Azoles are among the most successful classes of antifungals. They act by inhibiting 14 lanosterol demethylase in the ergosterol biosynthesis pathway. Oropharyngeal candidiasis (OPC) occurs in about 90% of HIV-infected individuals, and 4 to 5%are refractory to current therapies, including azoles, due to the formation of resistant biofilms produced in the course of OPC. We reasoned that compounds affecting a different target may potentiate azoles to produce increased killing and an antibiofilm therapeutic. 2-Adamantanamine (AC17) was identified in a screen for compounds potentiating the action of miconazole against biofilms of Candida albicans. AC17, a close structural analog to the antiviral amantadine, did not affect the viability of C. albicans but caused the normally fungistatic azoles to become fungicidal. Transcriptome analysis of cells treated with AC17 revealed that the ergosterol and filamentation pathways were affected. Indeed, cells exposed to AC17 had decreased ergosterol contents and were unable to invade agar. In vivo, the combination of AC17 and fluconazole produced a significant reduction in fungal tissue burden in a guinea pig model of cutaneous candidiasis, while each treatment alone did not have a significant effect. The combination of fluconazole and AC17 also showed improved efficacy (P value of 0.018) compared to fluconazole alone when fungal lesions were evaluated. AC17 is a promising lead in the search for more effective antifungal therapeutics.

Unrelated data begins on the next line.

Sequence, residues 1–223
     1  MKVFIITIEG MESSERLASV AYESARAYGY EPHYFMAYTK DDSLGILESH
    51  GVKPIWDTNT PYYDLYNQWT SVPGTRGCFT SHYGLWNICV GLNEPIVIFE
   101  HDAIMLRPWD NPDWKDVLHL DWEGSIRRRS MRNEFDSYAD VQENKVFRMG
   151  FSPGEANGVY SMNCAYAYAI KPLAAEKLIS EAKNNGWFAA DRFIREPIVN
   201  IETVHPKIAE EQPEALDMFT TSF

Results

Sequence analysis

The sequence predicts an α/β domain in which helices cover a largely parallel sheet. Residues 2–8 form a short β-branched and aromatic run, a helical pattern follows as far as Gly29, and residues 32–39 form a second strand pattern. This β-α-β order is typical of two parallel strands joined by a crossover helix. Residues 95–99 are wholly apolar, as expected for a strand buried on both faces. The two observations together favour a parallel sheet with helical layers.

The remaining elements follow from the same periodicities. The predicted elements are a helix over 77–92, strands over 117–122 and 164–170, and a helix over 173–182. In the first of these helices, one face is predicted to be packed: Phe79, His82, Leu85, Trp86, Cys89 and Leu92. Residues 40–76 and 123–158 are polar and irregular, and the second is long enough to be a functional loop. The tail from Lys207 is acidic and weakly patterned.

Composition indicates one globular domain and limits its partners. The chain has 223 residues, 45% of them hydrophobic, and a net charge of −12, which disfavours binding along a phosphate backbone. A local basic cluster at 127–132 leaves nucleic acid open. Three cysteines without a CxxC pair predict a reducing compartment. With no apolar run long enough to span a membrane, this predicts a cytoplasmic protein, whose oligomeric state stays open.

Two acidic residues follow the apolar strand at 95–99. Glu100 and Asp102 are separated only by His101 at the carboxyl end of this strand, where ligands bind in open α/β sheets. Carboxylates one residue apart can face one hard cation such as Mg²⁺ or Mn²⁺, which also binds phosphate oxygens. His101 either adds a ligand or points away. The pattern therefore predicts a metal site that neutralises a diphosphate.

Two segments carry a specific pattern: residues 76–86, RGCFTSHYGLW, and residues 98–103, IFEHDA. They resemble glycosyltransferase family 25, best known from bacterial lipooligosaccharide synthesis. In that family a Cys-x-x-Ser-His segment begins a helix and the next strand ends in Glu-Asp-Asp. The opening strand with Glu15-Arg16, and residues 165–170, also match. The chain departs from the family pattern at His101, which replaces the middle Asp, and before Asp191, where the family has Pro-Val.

All Science Journal Classification (ASJC) codes
- Pharmacology (medical)
- Infectious Diseases